This invention relates to an articulating joint for an orthopedic brace for use in post-operative rehabilitation and/or to combat the effects of chronic disease. More specifically, this invention relates to an articulating joint that permits adjustment of a fixed arc of rotation for orthopedic braces to provide dependable and predictable movement for a patient.

2. Description of Related Art

Conventional orthopedic braces, such as pelvic braces and knee braces, generally require an articulating joint to connect a first brace or cuff on one side of the affected joint with a second brace or cuff on the other side of the affected joint. For example, many conventional pelvic braces include a hip brace connected to a thigh cuff. The joint between the hip brace and the thigh cuff traditionally requires a limit to the range of motion or rotation that the patient may exert on the affected joint. As such, an articulating joint should be adjustable between a first point and a second point along an arc of rotation. More preferably, an articulating joint should be adjustable to permit and/or prevent abduction, adduction, flexion, extension and rotation.

Further, conventional articulating joints are generally compatible with only one type or brand of orthopedic brace. Thus, conventional articulating joints are not compatible with many of the existing orthopedic braces.

SUMMARY OF THE INVENTION

Conventional orthopedic braces, such as hip braces typically include two parts, such as a thigh cuff and a hip brace, which are connected with an articulating joint. The articulating joint, referred to as a joint herein, limits the range of motion of the patient's hip, knee, elbow or other joint by limiting the permissible range of motion between the two parts, such as between the hip brace and the thigh cuff. Preferably, the joint limits the range of motion in all planes, including abduction, adduction, flexion, extension and rotation.

According to one preferred embodiment of this invention, a joint is positioned between two struts for limiting the rotational motion between the two struts. One strut is preferably attached with respect to the hip brace and the other strut is preferably attached with respect to the thigh cuff.

The joint preferably comprises a fixed plate and a moveable plate. The fixed plate may comprise a top plate and a bottom plate which together formed the fixed plate through which the moveable plate rotates.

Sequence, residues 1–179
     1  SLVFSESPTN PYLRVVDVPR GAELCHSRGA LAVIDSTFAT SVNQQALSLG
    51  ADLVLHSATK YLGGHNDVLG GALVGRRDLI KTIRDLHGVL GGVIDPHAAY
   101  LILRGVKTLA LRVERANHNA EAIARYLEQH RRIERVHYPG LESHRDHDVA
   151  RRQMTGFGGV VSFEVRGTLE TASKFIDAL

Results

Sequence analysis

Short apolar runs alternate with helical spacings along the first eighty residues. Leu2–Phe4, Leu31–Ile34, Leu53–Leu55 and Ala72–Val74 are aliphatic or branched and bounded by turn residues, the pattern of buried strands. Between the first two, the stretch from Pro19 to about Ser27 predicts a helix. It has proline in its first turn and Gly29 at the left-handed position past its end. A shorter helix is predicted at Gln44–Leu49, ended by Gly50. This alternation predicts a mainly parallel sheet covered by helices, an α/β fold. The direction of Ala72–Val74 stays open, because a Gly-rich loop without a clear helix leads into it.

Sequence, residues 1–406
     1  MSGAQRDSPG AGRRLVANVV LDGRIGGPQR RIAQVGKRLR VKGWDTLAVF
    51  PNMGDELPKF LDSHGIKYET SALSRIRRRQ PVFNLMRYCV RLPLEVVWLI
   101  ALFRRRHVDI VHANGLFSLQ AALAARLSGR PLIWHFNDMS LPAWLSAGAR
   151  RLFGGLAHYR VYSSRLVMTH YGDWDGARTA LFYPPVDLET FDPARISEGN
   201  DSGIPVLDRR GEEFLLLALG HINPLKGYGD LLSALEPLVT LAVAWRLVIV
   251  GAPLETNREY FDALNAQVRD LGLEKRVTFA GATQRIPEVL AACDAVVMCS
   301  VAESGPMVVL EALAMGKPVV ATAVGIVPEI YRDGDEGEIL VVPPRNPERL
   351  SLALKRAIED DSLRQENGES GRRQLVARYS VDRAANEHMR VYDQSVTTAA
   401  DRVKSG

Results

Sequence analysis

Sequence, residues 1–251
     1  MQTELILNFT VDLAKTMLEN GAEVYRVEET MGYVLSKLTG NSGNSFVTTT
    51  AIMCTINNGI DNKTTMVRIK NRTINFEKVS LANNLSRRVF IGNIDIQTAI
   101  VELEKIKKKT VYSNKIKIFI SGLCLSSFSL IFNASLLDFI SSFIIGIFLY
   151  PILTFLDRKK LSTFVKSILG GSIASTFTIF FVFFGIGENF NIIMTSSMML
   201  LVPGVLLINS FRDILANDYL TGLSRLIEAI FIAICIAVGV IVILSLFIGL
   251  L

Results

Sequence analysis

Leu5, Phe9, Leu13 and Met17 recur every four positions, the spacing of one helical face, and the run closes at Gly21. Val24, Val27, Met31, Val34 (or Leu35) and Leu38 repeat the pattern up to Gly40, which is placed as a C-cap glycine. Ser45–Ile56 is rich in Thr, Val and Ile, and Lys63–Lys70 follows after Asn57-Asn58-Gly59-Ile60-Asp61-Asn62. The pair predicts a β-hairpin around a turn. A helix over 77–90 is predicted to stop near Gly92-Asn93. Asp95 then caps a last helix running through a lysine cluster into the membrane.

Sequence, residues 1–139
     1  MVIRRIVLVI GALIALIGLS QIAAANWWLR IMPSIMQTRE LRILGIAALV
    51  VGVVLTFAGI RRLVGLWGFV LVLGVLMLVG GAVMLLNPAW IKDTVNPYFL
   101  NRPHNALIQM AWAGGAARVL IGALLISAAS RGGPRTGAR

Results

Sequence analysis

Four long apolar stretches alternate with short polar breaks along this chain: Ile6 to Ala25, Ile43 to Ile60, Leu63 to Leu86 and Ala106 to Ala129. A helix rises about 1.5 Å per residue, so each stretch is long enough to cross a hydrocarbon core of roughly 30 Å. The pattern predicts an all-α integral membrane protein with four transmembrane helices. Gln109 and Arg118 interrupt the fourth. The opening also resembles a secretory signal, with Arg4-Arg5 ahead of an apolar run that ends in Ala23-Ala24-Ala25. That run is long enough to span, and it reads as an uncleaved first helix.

The fixed plate (the top plate and the bottom plate) are preferably sandwiched around the moveable plate which preferably rotates freely between the top plate and the bottom plate. The moveable plate is preferably attached with respect to a first strut and the fixed plate is preferably attached with respect to a second strut opposite the first strut.

The rotation of the moveable plate between the top plate and the bottom plate is preferably adjustable within a range of motion between slightly greater than 0 and less than 360. The joint is preferably adjustable to permit incremental adjustments of 5 or less across the possible range of motion. Therefore, the joint is adjustable to permit a range of motion for a patient between virtually any two desirable angles of rotation.

The fixed plate preferably comprises a generally circular center section having threaded bores positioned at either end of an axis pin. Fine limit screws are preferably positioned within one or both of the threaded bores depending upon the desired setting of the joint. The fine limit screws may include washers or vary in length to accommodate a range of adjustments. The fine limit screws may be color coded to permit simple reference to a desired adjustment. Therefore, one color screw may correspond to a 5 adjustment and another color screw may correspond with a 2.5 adjustment.

The moveable plate is preferably generally round and includes a plurality of threaded bores spaced around a periphery of the moveable plate. Coarse limit screws may be inserted into the desired threaded bores within the moveable plate to create outer limits of rotation for the moveable plate between the top plate and the bottom plate. Accordingly, when a coarse limit screw is placed in each of two threaded bores in the moveable plate, the moveable plate rotates until the coarse limit screw contacts either the fine adjustment screw or a center portion of the fixed plate.